WESTPORT — Though the Representative Town Meeting ultimately approved a near $32 million plan to restore Coleytown Middle School, one member abstained in hopes of sending a message.

Matthew Mandell, RTM member for District 1, said while he fully supported the plan he would abstain to make a point to the Board of Education and the town. According to Mandell, the BOE is represented by Shipman & Goodwin, a law firm which also represents developers with 8-30g applications in Westport.

Mandell said there is a conflict of interest since the firm represents both the BOE and a developer currently suing the town under the state’s affordable housing statute. He also alleged an attorney for the firm called the town “racist” in a news publication.

The comment was possibly in reference to a CTmirror article published on May 22, which addressed affordable housing in Westport and included comments from Shipman attorney Tim Hollister.

“This must end,” Mandell said. “I urge the town and the board of education to work together to resolve this once and for all.”

While other RTM members commended Mandell, he was the only abstention. The vote passed 32-0-1, approving $31,972,234 with bond and note authorization to restore Coleytown to a sixth- through eighth-grade facility.

CMS Building Committee Chairman Don O’Day again presented the near $32 million remediation plan during the meeting. Construction costs and full remediation of the school is estimated to cost $30.7 million with additional items by the education board at $1.3 million.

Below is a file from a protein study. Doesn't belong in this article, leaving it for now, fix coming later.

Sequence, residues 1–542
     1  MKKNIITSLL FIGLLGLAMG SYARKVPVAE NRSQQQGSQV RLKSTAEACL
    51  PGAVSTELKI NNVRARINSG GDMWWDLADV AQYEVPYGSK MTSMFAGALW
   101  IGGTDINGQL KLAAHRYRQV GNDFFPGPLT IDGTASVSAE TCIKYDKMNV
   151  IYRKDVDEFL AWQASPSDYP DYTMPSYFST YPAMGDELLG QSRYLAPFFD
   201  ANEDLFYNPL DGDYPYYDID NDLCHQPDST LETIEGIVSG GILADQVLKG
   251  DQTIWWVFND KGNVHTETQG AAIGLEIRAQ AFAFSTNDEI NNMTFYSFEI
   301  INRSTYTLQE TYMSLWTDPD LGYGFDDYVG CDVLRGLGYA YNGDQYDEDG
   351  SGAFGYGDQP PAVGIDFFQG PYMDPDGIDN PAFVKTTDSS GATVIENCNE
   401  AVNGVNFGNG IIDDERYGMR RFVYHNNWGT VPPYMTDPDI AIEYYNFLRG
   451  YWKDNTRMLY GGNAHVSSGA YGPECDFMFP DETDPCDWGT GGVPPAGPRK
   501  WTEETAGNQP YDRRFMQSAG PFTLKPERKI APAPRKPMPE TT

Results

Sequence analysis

The amount, which has been called the largest appropriation the town has witnessed in the past 15 years, includes a 15 percent contingency of $4.5 million.

“If we don’t need the money, we won’t spend the money,” O’Day said of the contigency.

The town has also been working with Hartford to seek potential reimbursements. Board of Finance Chairman Brian Stern said at a BOF meeting on July 8 this could be anywhere between $2 million and $5 million, less than the usual 20 percent due to exemptions.

The town would go out to bond for the appropriation request for 20 years at an interest rate of 2.6 percent, with a $41 million payout over this term, according to Finance Director Gary Conrad.

With the BOE’s recent statement that the school will reopen as a 6-8 school, O’Day said there is no longer uncertainty regarding the building’s future.

“We’re all good. No more issues, no more wondering what we are going to do. It’s a middle school,” he said.

First Selectman Jim Marpe sung praise for the building committee and said the town owed them a great debt.

“This is an opportunity to resolve this and continue to make Westport have the world class school system it has always been known for,” Marpe said.

Westport resident Robert Harrington said the vote could start a new chapter for Coleytown and the town.

“This uncertainty has plagued our school system since September and it can come to an end tonight,” he said.

With a coherent plan now established, Harrington said members of the RTM should be proud of the result.

“The Band-Aid on CMS is finally coming off,” Harrington said.